Jeremy Corbyn, of whom I am a definite fan, has raised the idea of introducing women-only carriages on British trains in a bid to prevent sexual harassment.
Having spent a year working in London, I am not completely unfamiliar with uncomfortable commuting experiences. That moment when someone ‘accidentally’, yet repeatedly, brushes their groin up against you, a misplaced hand during a crowded carriage ride, and the usual cat calling all played a part in my otherwise wonderful time in the Big Smoke.
I was lucky – although uncomfortable, nothing particularly terrible happened to me. However, this isn’t the case for hundreds of women around the world. The rise of sexual offences on trains is well-documented, with British Transport Police having announced a 34.7% increase in reported on London’s public transport network in 2014/15 compared to the previous year.
These statistics make women-only spaces an incredibly compelling idea. What woman wouldn’t enjoy a bit of time off from worrying about her personal space being invaded, or her bodily autonomy threatened?
Reality check: this isn’t the solution to sexual harassment. In fact, this might make the situation worse, excusing society from confronting the wider issues behind sexual harassment and violence.
I get it; in the short term, it seems a perfect solution to a growing and scary societal issue. However, this sort of move would be like trying to repair an aneurysm with a Peppa Pig plaster. If we want to put an end to sexual harassment, we need to treat the cause, and not just the symptoms.
A few of the issues that aren’t sitting right with me are listed below.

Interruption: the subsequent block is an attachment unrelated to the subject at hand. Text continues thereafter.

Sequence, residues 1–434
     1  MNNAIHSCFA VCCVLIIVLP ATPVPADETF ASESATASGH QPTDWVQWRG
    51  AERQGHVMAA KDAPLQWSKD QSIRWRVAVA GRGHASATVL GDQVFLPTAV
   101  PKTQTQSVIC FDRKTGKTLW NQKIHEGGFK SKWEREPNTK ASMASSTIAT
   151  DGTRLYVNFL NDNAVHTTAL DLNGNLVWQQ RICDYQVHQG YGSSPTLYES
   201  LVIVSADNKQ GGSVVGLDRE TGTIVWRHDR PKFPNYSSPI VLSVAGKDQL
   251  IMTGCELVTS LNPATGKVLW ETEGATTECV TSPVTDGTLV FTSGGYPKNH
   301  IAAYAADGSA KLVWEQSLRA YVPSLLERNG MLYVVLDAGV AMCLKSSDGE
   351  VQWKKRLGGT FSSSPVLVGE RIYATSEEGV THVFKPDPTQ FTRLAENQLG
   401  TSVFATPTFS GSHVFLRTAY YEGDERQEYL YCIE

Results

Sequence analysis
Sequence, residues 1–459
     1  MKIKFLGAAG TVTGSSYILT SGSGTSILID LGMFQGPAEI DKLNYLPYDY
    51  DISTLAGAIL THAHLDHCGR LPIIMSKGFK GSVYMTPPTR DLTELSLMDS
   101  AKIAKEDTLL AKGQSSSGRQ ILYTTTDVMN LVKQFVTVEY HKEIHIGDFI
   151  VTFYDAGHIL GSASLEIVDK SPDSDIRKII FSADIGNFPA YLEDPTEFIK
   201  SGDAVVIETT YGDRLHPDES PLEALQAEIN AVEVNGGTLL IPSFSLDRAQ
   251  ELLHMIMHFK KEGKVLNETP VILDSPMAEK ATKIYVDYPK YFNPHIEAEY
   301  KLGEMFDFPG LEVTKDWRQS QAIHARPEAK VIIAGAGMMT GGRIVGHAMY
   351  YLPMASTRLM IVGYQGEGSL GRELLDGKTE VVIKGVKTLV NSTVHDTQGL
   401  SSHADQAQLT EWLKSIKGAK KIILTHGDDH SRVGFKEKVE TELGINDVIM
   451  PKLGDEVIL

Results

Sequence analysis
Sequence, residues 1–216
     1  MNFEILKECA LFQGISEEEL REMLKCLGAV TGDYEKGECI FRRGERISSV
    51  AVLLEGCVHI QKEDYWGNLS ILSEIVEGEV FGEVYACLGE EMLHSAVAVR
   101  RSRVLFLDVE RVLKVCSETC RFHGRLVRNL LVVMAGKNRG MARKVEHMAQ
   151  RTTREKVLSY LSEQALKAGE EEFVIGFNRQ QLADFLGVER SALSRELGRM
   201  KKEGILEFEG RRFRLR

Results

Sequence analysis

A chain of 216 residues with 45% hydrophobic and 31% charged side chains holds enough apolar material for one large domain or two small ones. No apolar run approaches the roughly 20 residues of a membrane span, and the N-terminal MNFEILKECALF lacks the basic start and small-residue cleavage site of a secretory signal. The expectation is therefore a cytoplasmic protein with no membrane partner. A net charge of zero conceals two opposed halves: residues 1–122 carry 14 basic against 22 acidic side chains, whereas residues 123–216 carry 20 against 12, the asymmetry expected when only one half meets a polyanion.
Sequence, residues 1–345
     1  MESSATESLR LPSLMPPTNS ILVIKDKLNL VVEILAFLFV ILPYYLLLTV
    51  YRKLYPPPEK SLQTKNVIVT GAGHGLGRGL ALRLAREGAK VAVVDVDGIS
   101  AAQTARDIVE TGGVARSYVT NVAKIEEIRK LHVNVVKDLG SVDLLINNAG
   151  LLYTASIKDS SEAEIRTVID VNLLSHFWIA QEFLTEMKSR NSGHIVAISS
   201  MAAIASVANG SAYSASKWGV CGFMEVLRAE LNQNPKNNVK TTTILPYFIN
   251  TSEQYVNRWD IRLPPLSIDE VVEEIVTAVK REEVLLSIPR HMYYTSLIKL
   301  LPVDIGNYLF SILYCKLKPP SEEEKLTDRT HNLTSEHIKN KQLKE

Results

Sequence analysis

- Women and non-binary people need to be able to occupy public spaces, including public transport, in the same way that men currently do. Public spaces need to be welcoming to all genders. After all, if we’re really devolving to a gender-segregated world, why stop at trains? Street harassment is rife within our cities and towns – should we have women-only avenues? We need to reclaim these spaces, instead of being pushed out of them. This means tackling our societal systems as they currently stand, ensuring that education challenges the entrenched cultural attitudes about blame, shame, sex, gender and power from an early age.
- This type of policy proliferates the ‘Protective Patriarchy’ – the patronising insistence that women need to be protected, shielded from the realities of society, instead of challenging and standing in solidarity against them. This notion maintains that the only way to protect women is to place them under the authority of men, for, as we are told, only men can protect women from other men.
- Trans inclusivity is a must. ‘Women Only’ spaces which exclude trans women are NOT WOMEN ONLY. Cis women (women whose gender align with their sex) are heard more than anybody in feminist spaces, and trans women are continually silenced. Trans women are disproportionately affected by harassment and violence (motivated by hateful attitudes towards gender identity), and yet there is a serious gap in ensuring safe spaces when it comes to people who live at the intersection of being both trans and a woman.
- Such policies place victims of harassment at risk of ‘blame culture’ – even more so than usual. Like other forms of violence prevention that put the onus on women to keep themselves safe, women-only transportation facilitates the problem of victim blaming – “If she didn’t want to be harassed, then why didn’t she use the women’s only carriage?” It is not the job of the victim to police their own behaviour. It is not the job of the victim to police their own behaviour. Shall I say it again? It is not the job of the victim to police their own behaviour.
Women’s rights are human rights, and we must shift the blame from women who suffer sexualised violence to those who inflict it, ignore it and even deny it. So, Corbyn, thanks for thinking of us, but we’ll take fighting the root of the problem above a quick-fix any day.